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The Best Texas Wildflower Seeds for Pollinator Habitats

International Wildflower Week takes place June 17th through June 23rd. But, one week of recognition hardly seems like enough for such an impactful species of plant. Wildflowers are a pillar of any ecosystem, and essential for creating pollinator habitats.

Maybe you’re building a new housing complex and want to incorporate native flowers that improve your tenants’ living experience with water-wise flowers. Or maybe you’re working on a solar farm, and your seed spec emphasizes the need for pollinator-friendly wildflowers. 

No matter your reason, here’s how to find the best wildflower seeds for creating a pollinator habitat in Texas.

What are the best wildflowers to plant in Texas?

We all know that the Lone Star State is a big state. The soil and climate varies greatly depending on where you’re located. To support native pollinators, you’ll want to select native plants based on your project’s location. 

You’ll also want to consider what flowers act as a food source and what plants might be helpful to provide shelter for pollinators.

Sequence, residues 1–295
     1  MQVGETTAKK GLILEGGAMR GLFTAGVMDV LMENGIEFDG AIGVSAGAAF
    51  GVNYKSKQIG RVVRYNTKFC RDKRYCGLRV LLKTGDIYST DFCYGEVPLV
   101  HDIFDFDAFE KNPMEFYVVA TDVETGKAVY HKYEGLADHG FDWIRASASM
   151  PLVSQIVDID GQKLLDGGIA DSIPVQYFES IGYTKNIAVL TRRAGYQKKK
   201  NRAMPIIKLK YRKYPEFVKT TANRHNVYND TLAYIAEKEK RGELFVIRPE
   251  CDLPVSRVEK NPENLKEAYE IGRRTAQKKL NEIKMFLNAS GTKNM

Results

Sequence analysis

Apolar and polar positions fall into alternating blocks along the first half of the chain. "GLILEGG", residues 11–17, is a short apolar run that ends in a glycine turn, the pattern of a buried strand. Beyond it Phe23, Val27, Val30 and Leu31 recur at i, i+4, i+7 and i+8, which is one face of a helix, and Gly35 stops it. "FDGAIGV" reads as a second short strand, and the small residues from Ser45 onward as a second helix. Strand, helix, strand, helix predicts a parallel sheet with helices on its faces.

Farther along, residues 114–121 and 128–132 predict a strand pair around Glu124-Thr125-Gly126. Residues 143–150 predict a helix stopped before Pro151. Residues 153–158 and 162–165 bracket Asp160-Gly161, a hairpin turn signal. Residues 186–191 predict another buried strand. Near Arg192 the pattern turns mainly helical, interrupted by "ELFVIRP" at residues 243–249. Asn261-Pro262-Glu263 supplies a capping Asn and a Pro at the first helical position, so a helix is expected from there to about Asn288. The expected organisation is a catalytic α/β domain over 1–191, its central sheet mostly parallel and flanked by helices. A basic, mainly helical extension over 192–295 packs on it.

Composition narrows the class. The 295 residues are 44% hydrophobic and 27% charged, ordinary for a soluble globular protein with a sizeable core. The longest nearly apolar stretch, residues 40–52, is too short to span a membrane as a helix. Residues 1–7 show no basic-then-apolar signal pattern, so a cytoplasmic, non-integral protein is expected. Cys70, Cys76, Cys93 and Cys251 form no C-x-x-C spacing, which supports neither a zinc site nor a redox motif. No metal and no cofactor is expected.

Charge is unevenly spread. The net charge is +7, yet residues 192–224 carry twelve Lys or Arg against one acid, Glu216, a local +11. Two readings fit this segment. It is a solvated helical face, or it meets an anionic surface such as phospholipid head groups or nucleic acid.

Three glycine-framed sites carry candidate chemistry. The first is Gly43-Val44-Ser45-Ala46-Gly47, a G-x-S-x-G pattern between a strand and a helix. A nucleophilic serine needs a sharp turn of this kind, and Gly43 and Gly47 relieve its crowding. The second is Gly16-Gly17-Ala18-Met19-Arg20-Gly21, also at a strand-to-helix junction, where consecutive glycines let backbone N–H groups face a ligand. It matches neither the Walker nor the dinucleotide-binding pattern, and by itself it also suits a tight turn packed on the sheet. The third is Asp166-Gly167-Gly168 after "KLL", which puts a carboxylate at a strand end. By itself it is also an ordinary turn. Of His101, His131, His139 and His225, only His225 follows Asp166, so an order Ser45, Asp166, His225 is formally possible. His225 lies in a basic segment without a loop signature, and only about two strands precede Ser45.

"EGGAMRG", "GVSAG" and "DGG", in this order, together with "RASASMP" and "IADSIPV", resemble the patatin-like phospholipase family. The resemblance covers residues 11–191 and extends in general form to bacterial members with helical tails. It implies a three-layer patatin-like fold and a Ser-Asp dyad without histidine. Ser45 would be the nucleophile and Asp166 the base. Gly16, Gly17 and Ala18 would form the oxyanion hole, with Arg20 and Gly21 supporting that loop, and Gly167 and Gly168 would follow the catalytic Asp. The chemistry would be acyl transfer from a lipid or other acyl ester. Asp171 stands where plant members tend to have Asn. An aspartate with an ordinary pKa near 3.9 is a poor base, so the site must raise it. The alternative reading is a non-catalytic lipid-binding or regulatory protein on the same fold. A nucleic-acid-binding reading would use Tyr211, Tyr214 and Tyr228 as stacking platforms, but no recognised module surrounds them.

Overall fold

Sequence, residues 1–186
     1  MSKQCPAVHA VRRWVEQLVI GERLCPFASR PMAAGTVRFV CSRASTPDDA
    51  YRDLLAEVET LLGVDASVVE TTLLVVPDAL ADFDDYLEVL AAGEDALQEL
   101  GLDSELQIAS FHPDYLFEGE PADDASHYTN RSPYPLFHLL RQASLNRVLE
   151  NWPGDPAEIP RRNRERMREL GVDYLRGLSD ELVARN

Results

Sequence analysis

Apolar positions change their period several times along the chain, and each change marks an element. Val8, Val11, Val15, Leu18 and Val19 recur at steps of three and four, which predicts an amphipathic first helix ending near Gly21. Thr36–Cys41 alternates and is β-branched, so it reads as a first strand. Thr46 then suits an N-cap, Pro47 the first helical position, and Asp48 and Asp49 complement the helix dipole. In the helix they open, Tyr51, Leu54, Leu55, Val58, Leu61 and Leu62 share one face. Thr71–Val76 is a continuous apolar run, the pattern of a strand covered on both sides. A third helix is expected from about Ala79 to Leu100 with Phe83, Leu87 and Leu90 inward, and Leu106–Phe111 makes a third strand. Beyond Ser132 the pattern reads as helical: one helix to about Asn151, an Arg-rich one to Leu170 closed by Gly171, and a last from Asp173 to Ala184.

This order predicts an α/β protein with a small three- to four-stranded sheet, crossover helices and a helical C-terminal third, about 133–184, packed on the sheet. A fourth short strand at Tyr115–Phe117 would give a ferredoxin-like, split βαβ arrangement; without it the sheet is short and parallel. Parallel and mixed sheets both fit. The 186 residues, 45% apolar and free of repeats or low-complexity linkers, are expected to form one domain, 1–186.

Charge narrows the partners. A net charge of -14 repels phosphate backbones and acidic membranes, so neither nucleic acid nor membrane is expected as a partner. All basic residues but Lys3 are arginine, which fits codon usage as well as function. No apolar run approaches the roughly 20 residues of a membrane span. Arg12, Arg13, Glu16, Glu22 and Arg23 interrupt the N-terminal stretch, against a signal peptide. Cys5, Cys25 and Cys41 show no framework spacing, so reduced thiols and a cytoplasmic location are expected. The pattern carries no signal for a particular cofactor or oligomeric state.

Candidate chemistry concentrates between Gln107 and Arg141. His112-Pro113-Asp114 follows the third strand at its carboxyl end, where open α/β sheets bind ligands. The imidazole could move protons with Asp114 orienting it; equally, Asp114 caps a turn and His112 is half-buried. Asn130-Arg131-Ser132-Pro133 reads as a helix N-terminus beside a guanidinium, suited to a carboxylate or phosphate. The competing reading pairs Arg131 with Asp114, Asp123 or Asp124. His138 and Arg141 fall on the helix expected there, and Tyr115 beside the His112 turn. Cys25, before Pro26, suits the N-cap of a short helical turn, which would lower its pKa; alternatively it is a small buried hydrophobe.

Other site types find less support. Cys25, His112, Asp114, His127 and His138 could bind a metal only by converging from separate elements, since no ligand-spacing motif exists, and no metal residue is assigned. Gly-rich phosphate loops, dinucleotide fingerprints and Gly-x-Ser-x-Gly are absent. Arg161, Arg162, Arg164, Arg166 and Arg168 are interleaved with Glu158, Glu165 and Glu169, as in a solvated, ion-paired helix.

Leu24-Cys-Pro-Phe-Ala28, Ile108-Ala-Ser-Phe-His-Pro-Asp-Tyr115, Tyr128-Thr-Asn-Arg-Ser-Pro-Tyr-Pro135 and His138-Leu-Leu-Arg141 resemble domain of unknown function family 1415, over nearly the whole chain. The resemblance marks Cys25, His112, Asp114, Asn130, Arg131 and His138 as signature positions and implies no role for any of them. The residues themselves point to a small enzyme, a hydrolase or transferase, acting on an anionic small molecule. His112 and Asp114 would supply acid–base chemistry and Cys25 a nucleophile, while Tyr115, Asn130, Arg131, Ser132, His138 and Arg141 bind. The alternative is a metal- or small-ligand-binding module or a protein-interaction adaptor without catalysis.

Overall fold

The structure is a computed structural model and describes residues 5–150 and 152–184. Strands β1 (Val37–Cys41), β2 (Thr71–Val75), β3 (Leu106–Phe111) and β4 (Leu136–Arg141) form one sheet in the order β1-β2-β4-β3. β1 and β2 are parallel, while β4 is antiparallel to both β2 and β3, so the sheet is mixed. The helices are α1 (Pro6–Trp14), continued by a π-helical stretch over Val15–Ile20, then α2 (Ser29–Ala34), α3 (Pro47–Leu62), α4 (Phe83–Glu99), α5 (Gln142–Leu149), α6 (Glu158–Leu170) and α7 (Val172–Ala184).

If you’re working on a big project, don’t take a gamble when selecting seeds. 

The best way to ensure your wildflower establishment is to work with a Reclamation Specialist, who can take into account your soil, climate, and planting goals to maximize your investment. Our knowledgeable staff can assist you with creating the perfect blend for the pollinators in your area. Some of the industries we’ve worked with include construction, oil and gas, renewable energy, and agriculture. 

We also sell premixed seed blends focused on pollinators. Some of our most popular blends, that take into account food and shelter for pollinators include:

Consider planting a mix of many kinds of flowers to ensure you’re supporting a wide range of pollinators for a wide range of uses. Planting a variety of wildflower species that are adapted to your area will also help ensure you’ll have flowering plants throughout the entire growing season.